It is a slow march to disarray - which feels like the world we live in. If you think of a place like Love Canal, what if people there had said, "eh, I'm not leaving," (and pretend that power stayed on) this is what it would have looked like. Realistic? No, of course not. But plausible? Yes.
I think readers who need more action/less reflection will not enjoy it. They'll keep waiting for "something" to happen, and nothing ever will - rather, like I said, it's that slow march to a new day. Barnes doesn't deviate - there's no shocking twist, no surprises - he commits to his vision, both in tone and content throughout. I liked reading a book where I wasn't waiting for a shoe to drop.
If you're interested in a dystopian reflection on what the end of days will look like, when the water rises, when people find *new* ways to come together in a different kind of community, then I think you'd appreciate it. If you find a way to read the 10 pages I think you'll have a good enough idea of tone/content to know if you'd want to keep reading.
5.0 out of 5 starsA dystopian tale of a climate-changed world
Reviewed in the United States on 17 January 2018
Eric Barnes' "The City Where We Once Lived" blew me away. From the moment I picked it up, I continued to be drawn back to it. The narrator, the unnamed inhabitant of the abandoned, ruined city he refuses to leave, had invited me into his nightmare, and I could not refuse.
The story he tells us is one of atrophy. Not only of a city ruined by the ravages of climate change - very much caused or exacerbated by humans - but of the narrator himself, a broken man, a man who goes through the motions of a life that is not his so he does not have to remember the life that was.
The city where he once lived is a North End separated from the South by a highway. His family is dead. Most of the inhabitants, all but a couple of thousand, have abandoned the North End while rising sea levels claim the coast and neglect the rest.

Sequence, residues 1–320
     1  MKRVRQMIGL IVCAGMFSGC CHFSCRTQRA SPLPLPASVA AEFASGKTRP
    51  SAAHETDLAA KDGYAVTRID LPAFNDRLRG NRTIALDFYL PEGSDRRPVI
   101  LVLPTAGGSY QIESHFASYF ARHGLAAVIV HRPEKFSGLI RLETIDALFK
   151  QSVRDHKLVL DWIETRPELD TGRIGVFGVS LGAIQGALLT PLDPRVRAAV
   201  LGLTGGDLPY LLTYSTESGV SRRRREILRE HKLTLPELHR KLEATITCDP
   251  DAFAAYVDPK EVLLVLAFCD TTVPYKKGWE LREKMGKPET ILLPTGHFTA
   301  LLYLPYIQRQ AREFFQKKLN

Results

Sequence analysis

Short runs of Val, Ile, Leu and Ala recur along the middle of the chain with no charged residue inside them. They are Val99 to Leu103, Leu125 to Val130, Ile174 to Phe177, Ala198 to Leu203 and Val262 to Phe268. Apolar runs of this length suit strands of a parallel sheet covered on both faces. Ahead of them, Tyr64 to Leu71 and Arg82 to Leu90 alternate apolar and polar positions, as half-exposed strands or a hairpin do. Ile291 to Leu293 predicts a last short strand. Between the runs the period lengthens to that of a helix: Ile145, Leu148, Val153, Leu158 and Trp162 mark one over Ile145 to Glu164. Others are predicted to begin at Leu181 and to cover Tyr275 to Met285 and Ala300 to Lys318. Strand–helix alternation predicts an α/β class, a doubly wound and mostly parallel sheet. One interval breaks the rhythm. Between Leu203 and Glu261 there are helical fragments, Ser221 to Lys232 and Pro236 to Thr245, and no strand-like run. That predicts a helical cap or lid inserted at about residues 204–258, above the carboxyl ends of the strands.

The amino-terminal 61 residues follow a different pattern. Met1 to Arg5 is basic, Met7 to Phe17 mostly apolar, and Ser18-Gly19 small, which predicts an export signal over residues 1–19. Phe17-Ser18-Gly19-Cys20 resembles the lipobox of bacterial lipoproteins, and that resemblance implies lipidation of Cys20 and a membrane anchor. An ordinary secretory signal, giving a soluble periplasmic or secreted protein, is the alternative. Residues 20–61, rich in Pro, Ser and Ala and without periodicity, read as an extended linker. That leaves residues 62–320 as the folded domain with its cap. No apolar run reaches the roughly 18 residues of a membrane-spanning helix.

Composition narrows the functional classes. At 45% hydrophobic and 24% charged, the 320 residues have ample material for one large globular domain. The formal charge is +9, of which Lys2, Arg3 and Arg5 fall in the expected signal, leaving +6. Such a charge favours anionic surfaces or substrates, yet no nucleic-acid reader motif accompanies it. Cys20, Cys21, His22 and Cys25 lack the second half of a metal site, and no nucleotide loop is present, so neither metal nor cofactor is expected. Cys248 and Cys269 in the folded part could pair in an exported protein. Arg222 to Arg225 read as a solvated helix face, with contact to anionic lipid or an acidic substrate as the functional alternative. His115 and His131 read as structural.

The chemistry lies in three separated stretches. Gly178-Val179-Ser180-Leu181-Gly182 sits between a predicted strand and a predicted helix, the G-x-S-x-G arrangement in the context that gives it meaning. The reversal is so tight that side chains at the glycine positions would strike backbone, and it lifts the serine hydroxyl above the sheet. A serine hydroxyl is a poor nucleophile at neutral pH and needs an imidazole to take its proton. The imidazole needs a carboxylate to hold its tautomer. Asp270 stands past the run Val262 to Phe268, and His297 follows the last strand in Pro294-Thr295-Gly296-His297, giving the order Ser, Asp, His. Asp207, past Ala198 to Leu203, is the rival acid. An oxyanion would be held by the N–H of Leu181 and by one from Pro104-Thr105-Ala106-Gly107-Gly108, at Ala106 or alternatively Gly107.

He tells us his story - and the story of the city but not the wider world about which he is not the least curious - in the first person, in the present tense, as it is happening. He does not tell us who he is, and reveals details about his life only sparingly, telling us little more than he tells the other characters in his story. He does not want to know what is happening to the rest of the world. His own pain is enough. Like Tolkien's Tom Bombadil, he has created a little corner all for himself and he keeps himself rigidly inside those boundaries.
It is a story that is both beautifully and hauntingly told, a story of loss and also of memory, that reminds me of some of the East European literature I read in college before the end of the Soviet occupation.
It is, at its heart, a dystopian tale, but it is not a story that takes place after a civilization-ending catastrophe, but a story about a catastrophe that is in the process of taking place, and of the human response to it. It is also, paradoxically, a hopeful story, as we see people at their best, as they cope with the changes around them.
It is a story that will make you think. It will also make you feel something, and that is the best kind of story there is. I very much enjoyed The City Where We Once Lived. If you like dystopian fiction, by all means, give it a try. Five stars.